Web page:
Mayor promises swift action if allegations of city destroying evidence in Atlanta Eagle case true

Reed spoke to dozens of participants at the Thursday night meeting of the Atlanta Executive Network, the gay and lesbian business organization. He took several questions from those at the meeting, talking for more than an hour.

The mayor also said that an important announcement concerning the Atlanta Eagle would be made in the next week, but declined to say more.

Reed, addressing for the first time the allegations about the city destroying evidence in a federal lawsuit against the city and numerous officers within the Atlanta Police Department, said the allegations are being taken seriously and will be investigated thoroughly. Allegations include city officials erasing phone records and emails. The city has until the end of today to file a response to the allegations.

“I’m going to give you a real answer instead of just saying this case is in active litigation and as a result I can’t talk about it,” Reed said Thursday.

“We are going to investigation every single allegations made…and if we find those allegations are true  … then we are going to deal with those individuals in a decisive way that will be public so it will not be private,” he said. “So you will see what we do.

“We’re going to get to the bottom of this and if we find out the assertions are true … we will deal with this in swift fashion. We will deal with these allegations in an aggressive fashion.”

Numerous patrons of the Atlanta Eagle are suing the city and officers of the Atlanta Police Department claiming their constitutional rights were violated when the raid occurred Sept. 10, 2009. The APD is accused of conducting a warrantless search, forcing patrons to the ground as they were searched and had background checks. Allegations of anti-gay slurs by officers during the raid have also been made.

Earlier this month, lawyers representing the plaintiffs filed court documents alleging the city was destroying evidence as part of an apparent cover up of what happened at the Atlanta Eagle the night it was raided.

Reed said he took the allegations seriously especially at a time when he and his administration are trying to rebuild trust with the city’s LGBT community.

He said he was “extremely frustrated” with the recent allegations after the city and his administration have been working hard to improve the relationship with the city’s LGBT community, especially within the police department. He noted two LGBT liaisons are now on the force and that an LGBT advisory board has also been revived to help be a bridge between the gay, lesbian, bisexual and transgender community and the APD.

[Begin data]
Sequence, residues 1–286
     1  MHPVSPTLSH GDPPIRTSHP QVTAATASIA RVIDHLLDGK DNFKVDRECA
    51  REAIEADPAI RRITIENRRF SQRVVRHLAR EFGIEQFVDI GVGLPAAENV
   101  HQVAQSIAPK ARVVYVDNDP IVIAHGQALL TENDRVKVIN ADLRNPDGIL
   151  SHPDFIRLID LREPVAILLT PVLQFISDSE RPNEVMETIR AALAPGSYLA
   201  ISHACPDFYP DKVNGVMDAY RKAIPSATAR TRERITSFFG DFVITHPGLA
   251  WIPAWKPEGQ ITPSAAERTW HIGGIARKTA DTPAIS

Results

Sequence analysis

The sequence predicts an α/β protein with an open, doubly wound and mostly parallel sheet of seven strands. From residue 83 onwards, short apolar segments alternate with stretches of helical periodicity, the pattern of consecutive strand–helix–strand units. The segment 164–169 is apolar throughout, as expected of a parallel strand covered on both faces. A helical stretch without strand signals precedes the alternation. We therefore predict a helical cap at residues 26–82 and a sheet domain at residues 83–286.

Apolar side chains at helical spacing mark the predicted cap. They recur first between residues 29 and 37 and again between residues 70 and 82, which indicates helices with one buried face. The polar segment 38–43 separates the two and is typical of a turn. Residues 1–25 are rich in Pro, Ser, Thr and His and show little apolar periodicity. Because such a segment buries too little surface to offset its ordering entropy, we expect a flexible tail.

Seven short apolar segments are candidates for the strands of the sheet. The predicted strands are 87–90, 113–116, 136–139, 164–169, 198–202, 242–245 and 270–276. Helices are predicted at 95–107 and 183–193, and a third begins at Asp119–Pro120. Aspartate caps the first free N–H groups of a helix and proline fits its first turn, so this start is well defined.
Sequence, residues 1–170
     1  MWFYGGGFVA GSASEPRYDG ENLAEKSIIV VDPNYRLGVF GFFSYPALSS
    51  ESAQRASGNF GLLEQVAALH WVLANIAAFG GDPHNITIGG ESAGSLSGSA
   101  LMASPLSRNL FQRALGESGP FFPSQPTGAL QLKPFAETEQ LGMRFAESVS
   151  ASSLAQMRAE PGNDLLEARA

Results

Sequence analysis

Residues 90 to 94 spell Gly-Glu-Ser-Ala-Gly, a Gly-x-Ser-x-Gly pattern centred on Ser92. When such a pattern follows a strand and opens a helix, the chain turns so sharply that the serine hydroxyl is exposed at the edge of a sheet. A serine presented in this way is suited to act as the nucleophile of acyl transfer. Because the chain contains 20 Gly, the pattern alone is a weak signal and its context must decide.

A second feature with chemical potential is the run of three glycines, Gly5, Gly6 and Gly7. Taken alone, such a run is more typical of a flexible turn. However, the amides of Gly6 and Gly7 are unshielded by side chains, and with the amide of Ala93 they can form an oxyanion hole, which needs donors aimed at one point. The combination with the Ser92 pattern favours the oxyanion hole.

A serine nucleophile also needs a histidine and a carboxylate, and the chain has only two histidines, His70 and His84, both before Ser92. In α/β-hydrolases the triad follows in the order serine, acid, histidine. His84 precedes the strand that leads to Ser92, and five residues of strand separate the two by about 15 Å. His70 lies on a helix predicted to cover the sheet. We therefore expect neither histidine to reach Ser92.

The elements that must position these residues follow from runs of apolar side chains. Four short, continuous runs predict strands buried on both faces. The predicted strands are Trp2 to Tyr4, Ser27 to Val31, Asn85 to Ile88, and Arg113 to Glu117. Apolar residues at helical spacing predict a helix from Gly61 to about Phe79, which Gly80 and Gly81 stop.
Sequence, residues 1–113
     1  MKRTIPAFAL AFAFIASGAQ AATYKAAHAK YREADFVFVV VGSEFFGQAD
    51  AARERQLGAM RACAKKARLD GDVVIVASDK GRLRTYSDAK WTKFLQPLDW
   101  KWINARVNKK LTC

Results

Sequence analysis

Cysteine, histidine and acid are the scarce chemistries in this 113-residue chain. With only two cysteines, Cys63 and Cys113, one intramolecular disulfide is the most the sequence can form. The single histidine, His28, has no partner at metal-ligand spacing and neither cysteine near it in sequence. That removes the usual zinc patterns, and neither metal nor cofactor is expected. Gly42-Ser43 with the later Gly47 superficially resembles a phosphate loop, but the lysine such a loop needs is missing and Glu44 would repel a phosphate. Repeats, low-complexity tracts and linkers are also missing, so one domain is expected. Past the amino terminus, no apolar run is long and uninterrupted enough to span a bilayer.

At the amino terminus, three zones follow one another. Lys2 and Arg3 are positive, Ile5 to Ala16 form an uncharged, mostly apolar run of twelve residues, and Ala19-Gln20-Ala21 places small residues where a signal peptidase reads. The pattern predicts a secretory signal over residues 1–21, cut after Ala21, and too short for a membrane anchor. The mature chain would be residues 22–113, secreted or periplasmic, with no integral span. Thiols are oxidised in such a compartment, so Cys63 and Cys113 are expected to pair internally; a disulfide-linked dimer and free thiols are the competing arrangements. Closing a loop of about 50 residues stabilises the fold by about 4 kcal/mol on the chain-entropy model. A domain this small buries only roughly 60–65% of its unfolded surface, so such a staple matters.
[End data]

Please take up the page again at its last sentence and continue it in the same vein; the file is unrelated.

Reed also reiterated the “horrible events” that happened at the Eagle did not happen under while he was mayor.

“I want to make that crystal clear,” he said.

He also said, as he has said in the past, that when the raid did happen he was a state senator and was able to speak out against the raid, but now as mayor what he says about an active lawsuit has ramifications.

“This is really tough for me,” he said.

He said a “pretty significant announcement” is forthcoming about the Atlanta Eagle raid as well.

“It will speak to the LGBT community about how important what is going on with the Eagle [and what it means] to me personally,” he said.

When asked why Reed won’t simply end the lawsuit, the mayor said “because no offer to end the lawsuit” has been made.

The plaintiffs’ attorneys have said repeatedly the lawsuit could have been settled — or not even filed — if the mayor apologized and agreed to change current APD policies when it comes to police raids.

But Reed said he can’t just apologize because while the lawsuit has nine plaintiffs, there were more than 50 people in the bar the night it was raided.

“There is concern that other people would sue,” Reed said. “If nine agree to the settlement and I apologize … this is not as easy as it looks. Those not in the lawsuit still have a cause for action.”

Dan Grossman, lead attorney for the Atlanta Eagle plaintiffs, said an offer was made in February for a possible solution to this potential issue but it was rejected by the city.

“I am still open to talking to the mayor about a way to resolve this case, but neither Mayor Reed nor his attorneys have ever offered to discuss settlement, and they have turned down all of our offer to discuss the subject,” Grossman said today.

To see photos of the AEN meeting last night, click here. Here is a video of Reed addressing the allegations: